Stan Czebruk Melanoma patient story

I have melanoma. I have had the cancer for 7 years. It is a huge part of my life, which greatly impacts my day to day lifestyle. It follows me everywhere I go, and I think about the cancer and its eects on my life and family daily. No question, cancer is bad. And you really can’t do anything about your past, and why you, amongst the millions, were targeted for cancer. You have to move on, and start to battle the cancer with all the positive energy you can muster out of your body. A healthy body and mind will make all the dierence in your battle.

My story

I was first diagnosed with melanoma cancer in 2009, in the left ear, Stage III. I had a part of my left earlobe removed, and then had procedures to get biopsies from the lymph nodes in my left shoulder, then thyroid to determine if the disease had metastasized to other parts of the body. My final surgery was to take a piece of my lung to determine if it had spread there. Fortunately the cancer was restricted to the ear. In 2013, following some progressive growth in my lungs, it was determined my cancer had indeed moved into my lungs, and I was Stage IV. Not a happy time.

I was then treated at the Royal Victoria Hospital in Montreal. I was eventually put on a BMS double blind trial for a new drug called Nivolumab with the other arm being Dacarbazine, the standard chemotherapy treatment. From November 2013 to March 2014, I was treated and there were no positive results. I had unfortunately been randomized to the Dacarbazine arm of the trial, and I was eventually released from the trial temporarily in March 2014.

In May 2014, I began treatment with Yervoy for a very short 4 treatment cycle, which would eventually allow me to be treated with Nivolumab. However, as I prepared to start Nivolumab in September, an MRI of my head revealed 2 tumors which would need to be removed before I could proceed with this new treatment. The tumors were removed from the right side of my head, and after a 3 night hospital stay, I felt quite good. That surgery was followed up with stereotactic radiation to remove any tumour fragments that may have been left behind.

In December 2014, I began to experience some post-surgery challenges: Gout in the left foot, and more importantly Deep Vein Thrombosis in the right leg, from my thigh to my ankle. I was also put on a drug called Fragmin to thin my blood. One week later I had a procedure to add an Inferior Vena Cava filter just below my lungs, as there were concerns that the clots were dangerous for my lungs and head.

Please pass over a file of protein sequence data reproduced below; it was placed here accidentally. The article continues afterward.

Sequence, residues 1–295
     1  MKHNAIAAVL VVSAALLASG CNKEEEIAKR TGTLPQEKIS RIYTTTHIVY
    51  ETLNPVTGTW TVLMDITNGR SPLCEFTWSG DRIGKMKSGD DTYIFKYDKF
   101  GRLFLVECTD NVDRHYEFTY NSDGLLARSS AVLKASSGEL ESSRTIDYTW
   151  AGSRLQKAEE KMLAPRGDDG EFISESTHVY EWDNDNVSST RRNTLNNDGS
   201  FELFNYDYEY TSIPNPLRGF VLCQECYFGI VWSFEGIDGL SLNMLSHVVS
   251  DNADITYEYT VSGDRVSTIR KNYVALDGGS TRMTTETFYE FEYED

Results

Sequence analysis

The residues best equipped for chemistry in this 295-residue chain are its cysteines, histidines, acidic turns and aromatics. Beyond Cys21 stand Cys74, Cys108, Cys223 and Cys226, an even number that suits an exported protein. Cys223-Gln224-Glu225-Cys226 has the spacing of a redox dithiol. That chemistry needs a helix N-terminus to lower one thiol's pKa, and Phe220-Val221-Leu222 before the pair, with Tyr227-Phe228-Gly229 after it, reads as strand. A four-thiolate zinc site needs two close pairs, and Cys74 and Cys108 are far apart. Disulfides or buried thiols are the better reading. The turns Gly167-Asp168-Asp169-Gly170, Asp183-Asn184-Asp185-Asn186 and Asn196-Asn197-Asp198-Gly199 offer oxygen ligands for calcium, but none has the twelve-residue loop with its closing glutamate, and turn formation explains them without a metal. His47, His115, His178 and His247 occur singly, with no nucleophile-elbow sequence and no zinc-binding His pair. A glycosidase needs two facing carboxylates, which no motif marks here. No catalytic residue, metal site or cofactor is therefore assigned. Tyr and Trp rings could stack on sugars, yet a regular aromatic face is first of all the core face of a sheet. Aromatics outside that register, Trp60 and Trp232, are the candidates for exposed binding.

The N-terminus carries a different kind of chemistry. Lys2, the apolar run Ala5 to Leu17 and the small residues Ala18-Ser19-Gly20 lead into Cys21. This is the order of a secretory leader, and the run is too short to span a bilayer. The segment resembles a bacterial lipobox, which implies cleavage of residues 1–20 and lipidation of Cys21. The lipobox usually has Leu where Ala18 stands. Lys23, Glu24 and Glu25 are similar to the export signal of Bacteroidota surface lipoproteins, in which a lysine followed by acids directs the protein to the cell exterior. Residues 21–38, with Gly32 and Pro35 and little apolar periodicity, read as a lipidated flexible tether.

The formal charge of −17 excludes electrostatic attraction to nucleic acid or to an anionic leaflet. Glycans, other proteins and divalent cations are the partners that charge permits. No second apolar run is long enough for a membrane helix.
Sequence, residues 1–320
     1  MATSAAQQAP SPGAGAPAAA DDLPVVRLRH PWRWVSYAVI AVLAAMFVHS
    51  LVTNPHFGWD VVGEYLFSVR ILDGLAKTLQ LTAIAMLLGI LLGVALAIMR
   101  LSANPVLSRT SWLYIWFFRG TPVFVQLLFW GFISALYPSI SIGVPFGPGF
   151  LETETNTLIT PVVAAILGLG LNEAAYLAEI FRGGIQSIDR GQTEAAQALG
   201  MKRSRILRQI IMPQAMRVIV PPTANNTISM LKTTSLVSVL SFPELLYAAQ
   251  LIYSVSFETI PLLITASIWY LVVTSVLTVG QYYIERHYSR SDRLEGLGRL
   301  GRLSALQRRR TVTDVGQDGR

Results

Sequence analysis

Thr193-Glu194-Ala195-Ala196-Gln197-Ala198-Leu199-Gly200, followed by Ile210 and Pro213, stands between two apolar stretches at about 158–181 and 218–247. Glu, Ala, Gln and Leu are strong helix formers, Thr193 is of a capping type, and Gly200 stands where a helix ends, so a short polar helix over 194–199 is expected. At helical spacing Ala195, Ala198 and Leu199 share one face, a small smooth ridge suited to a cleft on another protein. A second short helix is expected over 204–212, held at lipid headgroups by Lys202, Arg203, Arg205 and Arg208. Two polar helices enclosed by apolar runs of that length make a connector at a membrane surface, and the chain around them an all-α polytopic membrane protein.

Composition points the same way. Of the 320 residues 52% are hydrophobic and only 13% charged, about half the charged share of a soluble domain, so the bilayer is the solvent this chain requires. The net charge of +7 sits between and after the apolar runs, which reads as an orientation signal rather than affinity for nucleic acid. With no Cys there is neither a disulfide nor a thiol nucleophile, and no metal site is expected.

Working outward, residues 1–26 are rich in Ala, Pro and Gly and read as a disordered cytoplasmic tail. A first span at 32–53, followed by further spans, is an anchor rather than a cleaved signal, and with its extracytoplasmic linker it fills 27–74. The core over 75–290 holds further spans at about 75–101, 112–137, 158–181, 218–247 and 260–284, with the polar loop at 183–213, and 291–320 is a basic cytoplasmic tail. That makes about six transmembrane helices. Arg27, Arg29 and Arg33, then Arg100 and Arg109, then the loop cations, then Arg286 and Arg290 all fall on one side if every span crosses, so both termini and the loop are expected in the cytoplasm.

In 2015, I was finally put on Nivolumab – 4 intravenous doses, followed by more whole brain radiation, a renal filter put into my vena cava, and finally, more head surgery to remove 2 tumors on the left side of my brain in July 2015. At this point in 2016 my head seems to have settled to a good place, and my lung situation has improved.

My Observations through Treatment

I currently have 4 unique doctors handling my treatment: an oncologist, a brain surgeon, a radiation oncologist, an internal medicine doctor. Each one has specialized knowledge in their core competency, but may not be as knowledgeable in the other areas. As you progress through the treatment process, your diagnosis can change. Make sure you’re aware and understand the changes and inform each of your doctors on all changes. Medication or procedures for one process can change the outcomes of another process, and they need to be aware.

Time to Heal

The next biggest challenge is time. You’ve done the treatments, or had the surgery. You’ve started or completed the radiation. Now you must heal and wait, and it is a slow process. Unlike a wound, which is bandaged or casted and takes a specific time to recover, the cancer may be removed, may be slowed or may continue. It is important that you realize you are in it for the long haul, and recovery will take time. Stay positive, and prepare yourself for a long battle. Focus on how you will succeed in driving out your cancer. Exercise Stay physically healthy. Walk, ride a bike, do yoga, dance, just keep your body and mind in good shape. Every day is a new day, and you keep your mind and body busy to get stronger physically and mentally. This is really important, and somewhat ironic, as you need to be in good shape to tackle cancer. The stronger the body and mind, the stronger the fight.


I was the lead coordinator for the 2015 Montreal Strides for Melanoma Awareness walk. The organization of the walk kept me busy and focused, and was extremely important at keeping my head level. My last bit of advice: keep a positive attitude. Speak to positive friends, read, get informed on the internet, exercise, work, volunteer, do whatever you can to keep the mind positive. Your attitude will be a driving force to your success.